What we do
Mrs. Moschos spoke to The National Herald and noted that, “I had been working on Citibank’s maritime financing for 33 years. When I left the Bank, I decided to offer my technocratic knowledge to ELEPAP where people had a higher purpose and did their job with the same passion and dedication that Ihad, too.
“In this way I managed to develop ELEPAP, which currently has six centers in Athens, Thessaloniki, Ioannina, Volos, Chania, Agrinio and 200 specialized personnel. It organizes, participates in, and leads workshops, conferences, and seminars in Greece and abroad and applies the most modern and innovative, scientific, therapeutic methods to help more than 1,500 disabled children.”
She thanked those who supported this effort, including the Consul General of Greece in New York Konstantinos Koutras, Atlantic BankPresident Nancy Papaioannou, Kyma co-owners Mike Angeliadis and SteveTenedios, Onassis Foundation President Dr. Anthony Papadimitriou, Yehuda Ben Yishay, TNH Publisher-Editor Antonis H. Diamataris, the Greek television channel Antenna, and many others, who are the leaders of this effort.
Then Dr. Lena Skoutelis, who has volunteered for 28 years with ELEPAP as a pediatrician, after noting the work of the Organization, ended her speech very emotionally, saying that “the Greek word orizontas (horizon) for romantics, doctors, therapists, and presidents represents hope. We at ELEPAP give our soul and our heart for the dream of rehabilitation for children, even if it seems like a utopia. We want to recruit dreamers. Thank you for being the international friends of ELEPAP.”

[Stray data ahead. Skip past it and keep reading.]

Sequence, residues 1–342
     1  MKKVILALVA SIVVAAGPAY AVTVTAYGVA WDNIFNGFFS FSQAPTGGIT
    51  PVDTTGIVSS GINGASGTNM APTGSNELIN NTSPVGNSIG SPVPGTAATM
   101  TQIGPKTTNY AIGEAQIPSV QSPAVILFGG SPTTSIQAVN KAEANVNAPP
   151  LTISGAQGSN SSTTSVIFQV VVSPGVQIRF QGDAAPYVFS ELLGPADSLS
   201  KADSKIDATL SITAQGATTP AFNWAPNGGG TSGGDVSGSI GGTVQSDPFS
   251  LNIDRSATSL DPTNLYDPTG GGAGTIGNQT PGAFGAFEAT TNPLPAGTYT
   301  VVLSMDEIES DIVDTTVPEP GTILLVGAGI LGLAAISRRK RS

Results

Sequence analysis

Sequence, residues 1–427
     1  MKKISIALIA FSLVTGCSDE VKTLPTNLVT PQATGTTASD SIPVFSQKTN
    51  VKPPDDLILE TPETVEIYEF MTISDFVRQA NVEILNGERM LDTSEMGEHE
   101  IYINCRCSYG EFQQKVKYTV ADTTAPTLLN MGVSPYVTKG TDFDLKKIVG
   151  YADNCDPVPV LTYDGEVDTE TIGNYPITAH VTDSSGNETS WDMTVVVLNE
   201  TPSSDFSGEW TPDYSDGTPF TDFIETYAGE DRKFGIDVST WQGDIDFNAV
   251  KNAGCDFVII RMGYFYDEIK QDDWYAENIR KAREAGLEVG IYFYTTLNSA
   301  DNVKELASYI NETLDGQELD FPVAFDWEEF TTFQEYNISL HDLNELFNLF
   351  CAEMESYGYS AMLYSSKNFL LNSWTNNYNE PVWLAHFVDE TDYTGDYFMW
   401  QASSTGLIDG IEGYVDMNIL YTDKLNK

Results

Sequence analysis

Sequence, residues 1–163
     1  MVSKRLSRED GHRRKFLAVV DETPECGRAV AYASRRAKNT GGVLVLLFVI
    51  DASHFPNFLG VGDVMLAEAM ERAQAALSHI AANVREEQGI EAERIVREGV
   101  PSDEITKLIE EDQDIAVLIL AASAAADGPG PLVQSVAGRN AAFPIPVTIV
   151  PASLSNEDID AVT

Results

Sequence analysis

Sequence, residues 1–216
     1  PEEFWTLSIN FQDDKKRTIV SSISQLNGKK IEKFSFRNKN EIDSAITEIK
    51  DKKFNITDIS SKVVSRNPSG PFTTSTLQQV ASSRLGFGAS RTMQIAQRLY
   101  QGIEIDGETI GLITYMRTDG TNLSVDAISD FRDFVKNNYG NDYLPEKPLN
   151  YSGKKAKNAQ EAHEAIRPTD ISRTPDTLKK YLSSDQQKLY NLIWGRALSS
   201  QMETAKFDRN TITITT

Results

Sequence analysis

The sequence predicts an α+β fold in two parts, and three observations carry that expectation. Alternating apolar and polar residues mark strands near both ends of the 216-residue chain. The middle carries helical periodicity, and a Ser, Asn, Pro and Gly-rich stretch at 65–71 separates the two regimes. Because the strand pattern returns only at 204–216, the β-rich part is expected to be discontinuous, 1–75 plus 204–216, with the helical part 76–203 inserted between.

Among the guests were many businessmen and parents of children with special needs. TNH asked Dr. Antonios Lazanas, head of Portfolio and Index Research at Bloomberg, how important he considers supporting ELEPAP. He replied, “As a parent with a 22-year-old child with disabilities I will tell you from my experience that the sooner you help the child,the higher the level he will reach when he grows up. It is very important that there is organized help, expert people who will explain to parents that it is not their own fault, which will help them understand the behavior of their child, and remain a united family without blaming each other and feeling guilty. We need to strengthen organizations like ELEPAP because that’s the only way we can avoid the tragedies that can happen.”